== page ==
$1,325,000 in 532 theaters (+509); PTA: $2,491; Cumulative: $1,794,000

The second weekend quick expansion for Carlos Lopez Estrada’s urban story about a man on probation trying to keep out of trouble did about half as well per theater as “Sorry to Bother You” (which had more second weekend screens) a couple weeks back.

McQueen (Bleecker Street)

$84,378 in 5 theaters (+1); PTA: $16,878; Cumulative: $247,700

Interest in British designer Alexander McQueen’s turn in the famous creative icon documentary spotlight continued on the second weekend with only one additional theater.

“Generation Wealth”

Generation Wealth (Magnolia)

$37,400 in 11 theaters (+7); PTA: $3,400; Cumulative: $95,313

The impact of excessive financial worth on contemporary culture is the focus of this documentary, which expanded in top theaters to modest results.

Far from the Tree (IFC)

$18,178 in 3 theaters (+1); PTA: $6,059; Cumulative: $43,435

This documentary based on the bestseller about families with special needs children continues to find interest in its very early stages.

(l to r.) Tessa Thompson as Detroit and Lakeith Stanfield as Cassius Green star in Boots Riley's SORRY TO BOTHER YOU, an Annapurna Pictures release.

“Sorry to Bother You”

Annapurna Pictures

Ongoing/expanding

Sorry to Bother You (Annapurna) Week 4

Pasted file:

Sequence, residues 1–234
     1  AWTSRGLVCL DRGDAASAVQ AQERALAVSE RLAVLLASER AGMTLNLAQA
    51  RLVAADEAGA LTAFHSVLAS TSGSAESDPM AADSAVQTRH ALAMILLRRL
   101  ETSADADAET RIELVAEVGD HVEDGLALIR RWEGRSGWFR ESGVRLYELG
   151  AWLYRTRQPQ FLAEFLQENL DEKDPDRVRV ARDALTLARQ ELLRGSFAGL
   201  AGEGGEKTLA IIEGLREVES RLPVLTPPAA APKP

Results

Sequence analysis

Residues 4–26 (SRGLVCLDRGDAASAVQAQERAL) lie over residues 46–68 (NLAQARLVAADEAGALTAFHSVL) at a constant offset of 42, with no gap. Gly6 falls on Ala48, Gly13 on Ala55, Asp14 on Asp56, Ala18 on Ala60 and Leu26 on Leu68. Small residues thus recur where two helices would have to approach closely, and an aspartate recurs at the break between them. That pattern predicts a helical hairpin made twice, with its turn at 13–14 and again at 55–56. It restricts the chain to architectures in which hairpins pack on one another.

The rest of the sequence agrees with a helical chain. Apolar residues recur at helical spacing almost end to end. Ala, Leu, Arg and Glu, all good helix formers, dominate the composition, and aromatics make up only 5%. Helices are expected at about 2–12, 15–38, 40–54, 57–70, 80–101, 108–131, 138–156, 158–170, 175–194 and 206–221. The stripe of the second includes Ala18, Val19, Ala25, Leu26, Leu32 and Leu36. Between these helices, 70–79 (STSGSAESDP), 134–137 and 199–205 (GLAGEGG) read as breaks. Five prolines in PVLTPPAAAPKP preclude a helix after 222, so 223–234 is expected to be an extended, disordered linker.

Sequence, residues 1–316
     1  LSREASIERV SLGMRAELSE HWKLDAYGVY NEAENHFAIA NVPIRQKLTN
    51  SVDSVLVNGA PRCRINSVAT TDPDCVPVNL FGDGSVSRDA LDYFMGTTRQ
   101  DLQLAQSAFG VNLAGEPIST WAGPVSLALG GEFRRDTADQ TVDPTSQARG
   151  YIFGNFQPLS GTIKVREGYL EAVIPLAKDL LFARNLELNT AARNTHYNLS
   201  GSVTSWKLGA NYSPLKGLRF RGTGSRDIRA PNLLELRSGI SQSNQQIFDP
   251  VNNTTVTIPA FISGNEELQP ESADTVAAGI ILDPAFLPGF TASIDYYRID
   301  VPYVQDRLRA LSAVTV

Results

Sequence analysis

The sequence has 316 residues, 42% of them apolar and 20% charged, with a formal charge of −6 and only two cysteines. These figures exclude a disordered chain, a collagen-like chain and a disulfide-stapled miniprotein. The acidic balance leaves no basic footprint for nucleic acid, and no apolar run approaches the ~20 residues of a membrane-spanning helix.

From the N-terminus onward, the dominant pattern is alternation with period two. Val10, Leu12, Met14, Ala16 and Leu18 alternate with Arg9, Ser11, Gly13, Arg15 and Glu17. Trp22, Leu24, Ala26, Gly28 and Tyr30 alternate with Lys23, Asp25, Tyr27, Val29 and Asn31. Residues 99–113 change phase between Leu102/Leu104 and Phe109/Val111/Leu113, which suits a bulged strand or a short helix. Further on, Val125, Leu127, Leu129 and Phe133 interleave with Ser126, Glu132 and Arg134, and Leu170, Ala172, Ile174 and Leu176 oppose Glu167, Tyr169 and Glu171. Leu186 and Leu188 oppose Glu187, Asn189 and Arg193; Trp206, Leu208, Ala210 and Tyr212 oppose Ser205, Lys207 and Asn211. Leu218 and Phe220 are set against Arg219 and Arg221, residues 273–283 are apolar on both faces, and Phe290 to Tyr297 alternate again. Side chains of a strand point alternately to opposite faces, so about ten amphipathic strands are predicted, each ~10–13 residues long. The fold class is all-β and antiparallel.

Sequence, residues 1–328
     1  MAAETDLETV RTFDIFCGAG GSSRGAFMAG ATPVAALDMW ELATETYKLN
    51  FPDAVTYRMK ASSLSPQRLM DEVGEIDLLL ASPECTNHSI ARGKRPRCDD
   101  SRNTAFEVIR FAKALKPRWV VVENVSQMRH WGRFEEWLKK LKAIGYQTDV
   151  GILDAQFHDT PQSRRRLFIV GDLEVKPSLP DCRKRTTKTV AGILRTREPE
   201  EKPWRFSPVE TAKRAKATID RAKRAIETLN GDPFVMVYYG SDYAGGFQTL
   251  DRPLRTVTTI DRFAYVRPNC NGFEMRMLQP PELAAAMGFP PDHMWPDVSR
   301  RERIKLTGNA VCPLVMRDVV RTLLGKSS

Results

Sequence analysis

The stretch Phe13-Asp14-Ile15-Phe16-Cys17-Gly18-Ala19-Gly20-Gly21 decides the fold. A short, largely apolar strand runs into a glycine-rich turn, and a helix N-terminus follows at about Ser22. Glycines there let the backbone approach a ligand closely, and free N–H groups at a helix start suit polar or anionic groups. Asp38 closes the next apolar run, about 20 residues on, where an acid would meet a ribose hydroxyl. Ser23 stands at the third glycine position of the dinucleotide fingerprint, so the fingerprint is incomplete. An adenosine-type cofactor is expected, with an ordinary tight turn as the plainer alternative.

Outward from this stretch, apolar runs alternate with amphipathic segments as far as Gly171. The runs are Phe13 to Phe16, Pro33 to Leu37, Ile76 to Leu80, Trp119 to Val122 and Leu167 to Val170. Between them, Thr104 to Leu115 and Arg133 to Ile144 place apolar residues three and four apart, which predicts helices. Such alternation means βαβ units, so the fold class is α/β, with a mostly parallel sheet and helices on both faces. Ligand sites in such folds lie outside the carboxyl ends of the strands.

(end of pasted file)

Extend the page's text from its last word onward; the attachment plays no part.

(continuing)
$1,450,000 in 802 theaters (-248); Cumulative: $13,351,000

After its initial strong splash, Boots Riley’s acclaimed genre-bender is dropping quickly. The gross fell just short of 50 per cent this weekend. This looks to reach the $16-17 million mark, which would put it in range of “Detroit,” Annapurna’s biggest gross so far.

Eighth Grade (A24) Week 3

$1,318,000 in 158 theaters (+125); Cumulative: $2,966,000

This early teen comedy continues its strong initial performance as it expands nationally. The numbers are ahead of the third weekend of  another (very different) comedy “The Death of Stalin,” and suggest a potential wider breakout appeal beyond specialized audiences.

Three Identical Strangers (Neon) Week 5

$1,271,000 in 433 theaters (+101); Cumulative: $6,771,000

Another very strong weekend for this rare non-celebrity documentary. The gross is down slightly with additional theaters as it widens, but the per-screen gross is holding well. This looks to easily get past $10 million, which makes it one of the most impressive specialized achievements of the year.

Won’t You Be My Neighbor? (Focus) Week 8